Why Are So Many New Yorkers Now Comparing Serbia to Brooklyn?
The city's latest "it" neighborhood is in a landlocked Balkan country thousands of miles away
According to a recent profile by the New York Post, a number of New Yorkers — the majority of them Brooklynites — are currently taking trips to Serbia, the once war-torn Balkan country surrounded by Hungary, Romania, Bulgaria, North Macedonia, Kosovo, Montenegro, Bosnia and Herzegovina, and Croatia.
If that sounds strange, that’s because it is. The area isn’t particularly known for tourism; only in the last five years or so have the beaches of Croatia hit the mainstream. Decades of bitter conflict, punitive sanctions from the U.N., and corruption in government, all brought on from a post-Cold War power vacuum, have kept Serbia firmly off travel bucket lists. But that’s now changing, particularly for New Yorkers who are desperate to see Europe (any part of Europe) in 2020. Serbia has no quarantine requirement for Americans, and in a year where most travel corridors were operating at a minuscule fraction of their flight capacity, Air Serbia actually added flights from JFK to Belgrade, the capital.
Some New Yorkers have even permanently relocated to Belgrade, citing its rock-bottom rates on apartments, hip food and nightlife scene, and proud way of life. The two punchiest quotes from the Post‘s piece belong to 27-year-old Davis Richardson, who moved to Serbia a couple months ago. First, Richardson likened Belgrade to New York’s most famous gentrification experiment: “It reminds me of Williamsburg circa 2010.” Then, commenting on the local approach to COVID-19, he reported: “The Serbian mindset is very proud. They don’t see a virus as getting in the way of their success and happiness.”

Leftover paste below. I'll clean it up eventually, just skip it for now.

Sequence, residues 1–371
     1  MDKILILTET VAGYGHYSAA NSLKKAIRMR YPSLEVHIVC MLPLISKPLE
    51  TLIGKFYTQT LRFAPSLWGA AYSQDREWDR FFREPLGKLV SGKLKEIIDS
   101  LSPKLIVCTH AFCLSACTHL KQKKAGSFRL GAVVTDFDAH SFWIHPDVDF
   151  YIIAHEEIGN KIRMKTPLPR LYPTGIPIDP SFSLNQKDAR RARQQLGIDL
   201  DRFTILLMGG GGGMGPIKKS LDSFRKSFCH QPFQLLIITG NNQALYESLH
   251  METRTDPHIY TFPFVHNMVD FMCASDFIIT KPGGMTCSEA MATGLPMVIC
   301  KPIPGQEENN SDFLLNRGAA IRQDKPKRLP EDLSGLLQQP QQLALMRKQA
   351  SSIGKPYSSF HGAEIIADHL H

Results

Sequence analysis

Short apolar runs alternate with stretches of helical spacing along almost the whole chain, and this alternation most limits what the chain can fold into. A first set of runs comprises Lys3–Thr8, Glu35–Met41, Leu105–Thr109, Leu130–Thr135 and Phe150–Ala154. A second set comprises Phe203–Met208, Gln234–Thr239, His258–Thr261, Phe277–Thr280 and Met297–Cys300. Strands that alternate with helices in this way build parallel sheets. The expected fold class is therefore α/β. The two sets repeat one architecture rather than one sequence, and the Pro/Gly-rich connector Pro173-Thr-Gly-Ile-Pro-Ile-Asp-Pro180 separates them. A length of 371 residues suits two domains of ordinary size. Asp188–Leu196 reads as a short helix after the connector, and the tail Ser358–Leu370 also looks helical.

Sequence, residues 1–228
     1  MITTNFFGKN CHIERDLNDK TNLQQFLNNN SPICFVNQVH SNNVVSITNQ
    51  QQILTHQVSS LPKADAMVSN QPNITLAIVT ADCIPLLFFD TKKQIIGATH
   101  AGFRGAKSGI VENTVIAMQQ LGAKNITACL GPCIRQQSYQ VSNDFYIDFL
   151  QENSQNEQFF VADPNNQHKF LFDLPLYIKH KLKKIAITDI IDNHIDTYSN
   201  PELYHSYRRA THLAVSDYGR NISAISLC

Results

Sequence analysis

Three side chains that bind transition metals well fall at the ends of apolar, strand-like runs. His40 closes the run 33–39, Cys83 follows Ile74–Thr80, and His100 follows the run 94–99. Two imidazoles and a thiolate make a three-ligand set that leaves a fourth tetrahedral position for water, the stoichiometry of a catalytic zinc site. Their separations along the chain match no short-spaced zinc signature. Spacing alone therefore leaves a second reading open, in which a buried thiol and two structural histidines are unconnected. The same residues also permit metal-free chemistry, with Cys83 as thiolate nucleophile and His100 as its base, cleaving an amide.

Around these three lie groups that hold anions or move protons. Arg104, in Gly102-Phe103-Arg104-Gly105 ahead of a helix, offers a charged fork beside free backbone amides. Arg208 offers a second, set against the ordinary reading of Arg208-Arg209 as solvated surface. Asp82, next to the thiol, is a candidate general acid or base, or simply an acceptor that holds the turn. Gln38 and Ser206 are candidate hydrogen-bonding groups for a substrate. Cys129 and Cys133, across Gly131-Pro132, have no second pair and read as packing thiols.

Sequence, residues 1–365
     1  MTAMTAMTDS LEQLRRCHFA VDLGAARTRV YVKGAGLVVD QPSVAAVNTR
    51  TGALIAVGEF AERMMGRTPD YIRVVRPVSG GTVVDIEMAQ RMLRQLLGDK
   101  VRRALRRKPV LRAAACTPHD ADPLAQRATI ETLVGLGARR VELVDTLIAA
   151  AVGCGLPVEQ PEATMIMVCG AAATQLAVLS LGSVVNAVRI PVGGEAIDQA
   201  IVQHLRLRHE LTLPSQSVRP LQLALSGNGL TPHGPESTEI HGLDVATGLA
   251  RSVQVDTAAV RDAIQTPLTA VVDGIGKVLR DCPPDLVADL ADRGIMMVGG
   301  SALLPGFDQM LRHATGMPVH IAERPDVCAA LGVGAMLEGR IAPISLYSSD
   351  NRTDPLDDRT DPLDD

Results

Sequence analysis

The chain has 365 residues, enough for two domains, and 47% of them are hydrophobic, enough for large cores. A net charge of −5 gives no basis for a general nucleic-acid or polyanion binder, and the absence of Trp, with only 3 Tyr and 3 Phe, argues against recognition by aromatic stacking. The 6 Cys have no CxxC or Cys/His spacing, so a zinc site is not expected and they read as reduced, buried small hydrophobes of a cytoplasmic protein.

Even with a post-pandemic landscape where WFH will likely remain the status quo for many industries — where all employees will need to get work done is a laptop and wifi — it feels somewhat ridiculous to anoint a city 4,510 miles away and six hours ahead as New York City’s latest “it” neighborhood. Some of Belgrade’s glowing reviews smack of angsty expats trying to convince themselves they’ve made the right decision; Serbia may indeed be an up-and-coming travel destination, but it’s also one of the most polluted countries in the world, and currently involved in a two-year-plus protest over the authoritarian tendencies of leader Aleksandar Vučić, who has spent years curtailing the freedom of the press.
Not to mention, if the current appeal of relocating to Serbia is “Come live here, they won’t burden you with concerns about that annoying coronavirus,” well, that plan is already backfiring. Earlier this week, the Serbian government ordered “all services, including bars, restaurants, cafés, stores, supermarkets, shopping malls, theaters, and cinemas” to be closed by 9 p.m. through December 1st. The nation is setting new records for cases every day and a more serious lockdown is now imminent, at which point its new American residents will not be able to fly back to New York.
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